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The International Monetary Fund Will Lend Brazil $30 Billion: as Treasury Secretary Paul O Neill ends his Latin America tour, the IMF will lend debt-laden Brazil more than it has ever provided any other country. The Bush Administration s Plans to Topple Saddam Hussein: Leaders of 6 so-called Iraqi opposition groups are in Washington today for meetings with the Bush administration on its plan for attempting to topple Iraqi President Saddam Hussein. When Public Media Becomes State Media: President Bush bypasses the vacationing Senate and nominates Republican fundraiser Cheryl Halpern to the board of the Corporation For Public Broadcasting. Holding Exxon Accountable For Abuses In Indonesia: The US State Department urges a US court to dismiss a lawsuit against Exxon Mobil for grave human rights abuses committed by Indonesian security forces in the war-torn Aceh province. 9:01-9:06 Headlines: ACTIVISTS DISRUPT DICK CHENEY S SPEECH ON CORPORATE RESPONSIBILITY More than 300 people demonstrated against Vice President Dick Cheney in San Francisco earlier this week. He was speaking at the posh Commonwealth Club. Inside the gathering five people were arrested, when they disrupted the talk, chanting corporate crook. We are now joined by one of those activists who was inside the club. Guest: Andrea Buffa, an activist with the San Francisco based group Global Exchange. 9:07-9:20 AS TREASURY SECRETARY PAUL O NEILL ENDS HIS LATIN AMERICA TOUR, THE INTERNATIONAL MONETARY FUND ANNOUNCES IT WILL LEND DEBT-LADEN BRAZIL ANOTHER $30 BILLION, MORE THAN THE IMF HAS EVER PROVIDED ANY OTHER COUNTRY The International Monetary Fund on Wednesday announced it will lend debt-laden Brazil another $30 billion. That is more than the IMF has ever provided any other country. Brazil s currency has lost a third of its value this year. Part of this is because investors are threatening to pull out if the Worker s Party presidential candidate Luiz Inacio Lula da Silva wins in October. He is currently leading in the polls. Lula told thousands of cheering supporters last week: "We will not be held hostage to the demands of foreign investors and world markets: we will alleviate poverty before appeasing markets. But the IMF loan requires the future government to maintain the tight fiscal regime imposed by the present government until 2005. Several thousand people protested on Thursday as Treasury Secretary Paul O Neill left Argentina for Washington at the end of his first Latin American trip which included Argentina, Uruguay and Brazil. Guest: Maria Luisa Mendonca, director, Social Network for Justice and Human Rights 9:21-9:40 WHEN PUBLIC MEDIA BECOMES STATE MEDIA: PRESIDENT BUSH BYPASSES THE VACATIONING SENATE AND NOMINATES REPUBLICAN FUNDRAISER CHERYL HALPERN TO THE BOARD OF THE CORPORATION FOR PUBLIC BROADCASTING President Bush bypassed the vacationing Senate and installed Cheryl Halpern on the board of the Corporation for Public Broadcasting. Halpern is vice chairman of the Republican Jewish Coalition and a major Republican fundraiser, and serves on the Broadcasting Board of Governors, which is responsible for spreading US government propaganda around the world through government broadcasts, including Voice of America. Today we re going to have a discussion about the state of public broadcasting in this country. Guest: David Barsamian, author of The Decline and Fall of Public Broadcasting and founder and director of Alternative Radio, an independent weekly radio program produced in Boulder, Colorado. Most recently he wrote Propaganda & the Public Mind: Conversations with Noam Chomsky Contact: Guest: Pat Aufderheide, author of The Daily Planet: Critic On The Capitalist Culture Beat and Communications Policy in the Public Interest: The Telecommunications Act of 1996. She is director of the Center for Social Media at American University in Washington, D.C. and a director of the Independent Television Service Contact: BRITISH MP MEETS WITH SADDAM HUSSEIN AS IRAQI OPPOSITION GROUPS MEET WITH STATE DEPARTMENT British Labor MP George Galloway met with Iraqi leader Saddam Hussein yesterday in Baghdad. He described the Iraqi leader as calm and determined. This comes as leaders of 6 so-called Iraqi opposition groups are in Washington today for meetings with the Bush administration on its plan for attempting to topple Iraqi President Saddam Hussein. Then talks are being hosted by Senior State Department and Pentagon officials. And though Vice President Dick Cheney hasn t answered a question from a journalist in more than 80 days, he will speak to the groups via video conference on Saturday. The opposition figures say they see the invitation as a positive sign that the Bush administration is taking them seriously. Iraqi opposition leaders have not met with a U.S. vice president since a session with Vice President Al Gore in June 2000. Last month, the Pentagon agreed to fund what it called covert operations of the Iraqi National Congress, a London-based group led by Ahmed Chalabi that is favored by some Pentagon officials and members of Congress. Former CIA director James Woolsey s law firm Shea and Gardener is the paid representative of the group in Washington. Under the Clinton administration, the INC received the lions share of more than $78 million in tax payer dollars to bring down Saddam Hussein. Guest: George Galloway, British member of parliament with the Labor Party who just met with Iraqi president Saddam Hussein Guest: Andrew Cockburn, veteran journalist and documentary maker who has worked extensively in Iraq. Along with his brother Patrick he is co author of Out Of The Ashes: The Resurrection Of Saddam Hussein 9:50-9:59 THE US STATE DEPARTMENT URGES A US COURT TO DISMISS A HUMAN RIGHTS LAWSUIT AGAINST EXXON MOBIL US envoy to the Middle East Anthony Zinni is in Indonesia s Aceh province this week. On Wednesday he held talks with the military chief of Indonesia's Aceh province as part peace talks between Jakarta and separatist rebels. Meanwhile, the State Department is urging a federal court judge to dismiss a human rights lawsuit against Exxon Mobil over its operations in the war torn province of Aceh. The oil and gas rich region has been struggling for independence from Indonesia since 1976. The lawsuit was filed last year by the Washington-based International Labor Rights Fund, on behalf of 11 Acehnese villagers. It claims that ExxonMobil is responsible for grave human rights abuses committed by Indonesian security forces in Indonesia's war-torn Aceh province. Exxon Mobil, the world's largest corporation, has extensive operations in Aceh and works closely with the Indonesian military. While the State Department could have remained neutral in the case, it came down squarely on the company's side, saying the case could harm Washingtons so-called campaign against terrorism. The Department s action on the case comes amid a major push to normalize military relations with Indonesia, the world's most populous Muslim nation. Democracy Now called the State department yesterday but they said they could not join us on the show. We also called Exxon Mobil but our calls were not returned. Guest: Jeff Vogt, International Labor Rights Fund, the Washington DC based group that is bringing the suit against Exxon Mobil on behalf of 11 Indonesian villagers Contact: Guest: Radhi Darmansyah, Acehnese activist and international affairs coordinator of SIRA, the Student Referendum Information Center. He is based in Washington DC ---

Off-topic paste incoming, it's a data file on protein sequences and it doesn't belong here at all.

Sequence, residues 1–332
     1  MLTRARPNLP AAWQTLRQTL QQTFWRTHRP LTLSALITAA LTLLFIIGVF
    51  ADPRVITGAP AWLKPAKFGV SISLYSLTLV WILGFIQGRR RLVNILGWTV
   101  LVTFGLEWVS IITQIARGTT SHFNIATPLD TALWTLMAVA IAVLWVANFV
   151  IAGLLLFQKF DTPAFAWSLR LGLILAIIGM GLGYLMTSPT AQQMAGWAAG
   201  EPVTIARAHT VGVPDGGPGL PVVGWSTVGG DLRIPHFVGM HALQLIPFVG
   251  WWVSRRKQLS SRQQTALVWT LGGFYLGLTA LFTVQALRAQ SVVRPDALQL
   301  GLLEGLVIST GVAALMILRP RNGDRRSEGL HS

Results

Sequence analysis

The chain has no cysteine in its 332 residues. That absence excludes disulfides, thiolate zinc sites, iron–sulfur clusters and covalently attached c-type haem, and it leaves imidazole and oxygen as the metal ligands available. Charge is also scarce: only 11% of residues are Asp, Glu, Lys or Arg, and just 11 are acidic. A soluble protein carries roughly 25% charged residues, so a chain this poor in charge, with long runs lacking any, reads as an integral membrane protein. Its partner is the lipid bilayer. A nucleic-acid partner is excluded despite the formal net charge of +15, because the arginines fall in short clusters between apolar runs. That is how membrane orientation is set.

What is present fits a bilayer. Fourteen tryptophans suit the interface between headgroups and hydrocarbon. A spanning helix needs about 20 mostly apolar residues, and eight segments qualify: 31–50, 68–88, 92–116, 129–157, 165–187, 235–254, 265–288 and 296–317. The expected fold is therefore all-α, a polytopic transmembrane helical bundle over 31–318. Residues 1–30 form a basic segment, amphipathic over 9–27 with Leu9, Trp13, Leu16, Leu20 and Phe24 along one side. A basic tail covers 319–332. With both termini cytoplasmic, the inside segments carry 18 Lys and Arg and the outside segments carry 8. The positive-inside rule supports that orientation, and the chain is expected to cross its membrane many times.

Date Recorded on: 
August 9, 2002
Date Broadcast on: 
August 9, 2002
Item duration: 
59 min.
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WPFW; Amy Goodman, host. August 9, 2002